Carceri d’Invenzione di G. Battista Piranesi Archit. Vene
1 fol. album, complete suite of 16 plates (etching and burin) from the second edition with proofs of the third and fourth issues (1760-1770) on laid paper, with the new work to darken certain backgrounds and details, but before the number added by Firmin-Didot around 1835-1840. The prints are mitre-mounted, some margins are of irregular width as they are trimmed to fit the volume. Hardback, marbled paper boards, vellum spine with gilt title (faded).
375 x 500 mm.
Old traces of cleaning, scattered light foxing, light dusting, occasional small accidents and restorations.
The collection is bound in the following order:
Giovanni Battista Piranesi was born near Venice in 1720. As a young artist trained in the discipline of Vitruvius and Palladio, and filled with admiration for antiquity, Piranesi accompanied the Venetian ambassador to the Holy See in 1740 as a "draughtsman". He was then able to study the monuments and remains that had nourished his education from life. With the multidisciplinary education he had received, he collaborated for a time with the brothers Domenico (17..-1771) and Giuseppe Valeriani (1708-1762), famous theatre decorators, putting into practice his talents as a draughtsman and architect. Around 1742 he frequented the workshop of one of the most important engravers in Italy, Giuseppe Agostino Vasi (1710-1782), under whose guidance he participated in the edition of the Vedute di Roma sul Tevere and perfected his technique as an aquafortist. In 1743, he took part in another major publishing venture: the reduction of the famous Nuova Topografia di Roma, based on Giovanni Battista Nolli's surveys, the first map of the city to be executed using modern scientific criteria.
A few years later, he embarked on the creation of the Carceri d'Invenzione, a series of fourteen plates in which the artist developed the theme exploited in the plate "Carcera oscura" of the Prima parte and displayed all the dark magnificence of his painting skills. Although it does not come from any iconographic tradition, the theme has a known starting point: it is the decor created by the architect and ornamentation specialist Daniel Marot for the opera La Prison d'Amadis, but, under Piranesi's burin, the variations that follow, amplified, give rise to striking fictions marked by unease in which a very personal and shady genius is expressed. Unparalleled in the iconographic production of the time, this is a dream of stone where human figures, wandering or tortured, seem to be present only to animate indefinite spaces without scale. The technique is surprisingly free, the gesture ample and light. In contact with Tiepolo, whose engraved work, although confidential, is particularly prized by amateurs, Piranesi undoubtedly learnt that one could handle the point like the pen of a draughtsman improvising, using the acid bites like a palette. From the Prima parte to the Carceri, we can observe a form of awareness in Piranesi, who seems to have grasped that engraving can claim a role other than that of impersonal servant of architecture, whose works it reproduces and disseminates, to assert itself as a complete art that is sufficient in itself and can express everything. The plates of the Prima parte were a little dry: it is still the beautiful monotonous rigidity of the architectural engravers. In the Carceri, on the other hand, the artist gives an unprecedented suppleness to his engraved drawing, which he learns to colour vigorously by means of deep bites. The fact remains that the inventor of the Prisons owes much to theatrical decoration. Moreover, as in the plates of the Prima parte and the great later prints, the skill of the layout, the composition and the effects of light are the manner of a theatrical decorator who knows how to use and enlarge his frame through the illusion of perspective. It was probably in the early 1760s that Piranesi took up his Carceri again and gave them their definitive form: the luminous Venetian notebook, executed with a somewhat loose frankness, disappeared under the overpainting and became saturated with biting effects. Although it has lost the fire of the first, this second version is much more elaborate. In addition to the light drawings of the first edition, the plates of the second are energetic and nuanced like painted works, so that Piranesi gives the motifs a new colossal power and a frightening solemnity. From one edition to the next, we move from the stage set to the drama.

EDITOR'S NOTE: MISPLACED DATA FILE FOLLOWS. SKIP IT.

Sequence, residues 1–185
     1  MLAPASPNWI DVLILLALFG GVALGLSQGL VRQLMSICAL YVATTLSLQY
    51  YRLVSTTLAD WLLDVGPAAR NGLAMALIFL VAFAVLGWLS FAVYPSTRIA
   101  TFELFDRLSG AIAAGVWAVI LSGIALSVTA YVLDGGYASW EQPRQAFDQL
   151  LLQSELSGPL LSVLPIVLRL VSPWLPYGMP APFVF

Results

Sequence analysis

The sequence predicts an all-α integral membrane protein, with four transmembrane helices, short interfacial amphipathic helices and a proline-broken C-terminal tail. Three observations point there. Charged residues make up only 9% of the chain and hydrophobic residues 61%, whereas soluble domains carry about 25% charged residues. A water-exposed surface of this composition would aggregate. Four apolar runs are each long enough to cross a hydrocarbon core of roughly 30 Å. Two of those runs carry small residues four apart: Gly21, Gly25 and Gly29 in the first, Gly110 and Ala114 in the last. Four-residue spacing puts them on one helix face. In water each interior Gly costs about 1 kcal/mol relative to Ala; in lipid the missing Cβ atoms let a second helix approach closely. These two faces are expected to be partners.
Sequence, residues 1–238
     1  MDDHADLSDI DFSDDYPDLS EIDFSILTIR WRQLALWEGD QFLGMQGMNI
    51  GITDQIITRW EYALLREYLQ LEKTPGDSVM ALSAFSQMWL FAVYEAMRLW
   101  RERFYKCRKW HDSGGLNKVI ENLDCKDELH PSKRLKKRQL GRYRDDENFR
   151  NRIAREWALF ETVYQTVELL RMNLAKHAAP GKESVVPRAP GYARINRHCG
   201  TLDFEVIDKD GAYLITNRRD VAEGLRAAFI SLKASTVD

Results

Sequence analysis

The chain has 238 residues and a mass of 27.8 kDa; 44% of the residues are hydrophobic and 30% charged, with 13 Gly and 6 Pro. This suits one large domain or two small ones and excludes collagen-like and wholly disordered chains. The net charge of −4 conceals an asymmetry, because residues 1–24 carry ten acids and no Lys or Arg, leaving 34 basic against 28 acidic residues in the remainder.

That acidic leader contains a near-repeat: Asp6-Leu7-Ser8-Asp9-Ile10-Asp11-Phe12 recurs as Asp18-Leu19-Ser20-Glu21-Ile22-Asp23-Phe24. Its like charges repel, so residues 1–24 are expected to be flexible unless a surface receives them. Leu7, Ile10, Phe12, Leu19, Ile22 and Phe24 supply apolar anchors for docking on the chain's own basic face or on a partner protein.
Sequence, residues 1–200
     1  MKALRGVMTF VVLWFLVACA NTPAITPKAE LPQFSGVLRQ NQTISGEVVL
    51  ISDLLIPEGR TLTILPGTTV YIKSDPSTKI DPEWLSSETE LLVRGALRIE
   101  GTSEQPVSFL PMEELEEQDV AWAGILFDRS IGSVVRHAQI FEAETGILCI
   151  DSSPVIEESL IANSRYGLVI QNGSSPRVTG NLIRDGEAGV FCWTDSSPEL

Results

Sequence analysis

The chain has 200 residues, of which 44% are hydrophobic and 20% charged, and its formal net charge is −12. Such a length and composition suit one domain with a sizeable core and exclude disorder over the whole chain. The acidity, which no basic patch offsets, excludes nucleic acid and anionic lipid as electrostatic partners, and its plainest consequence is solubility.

Bibliothèque de l'Institut de France, Le Carceri d'Invenzione in Piranèse: un rêve de pierre et d'encre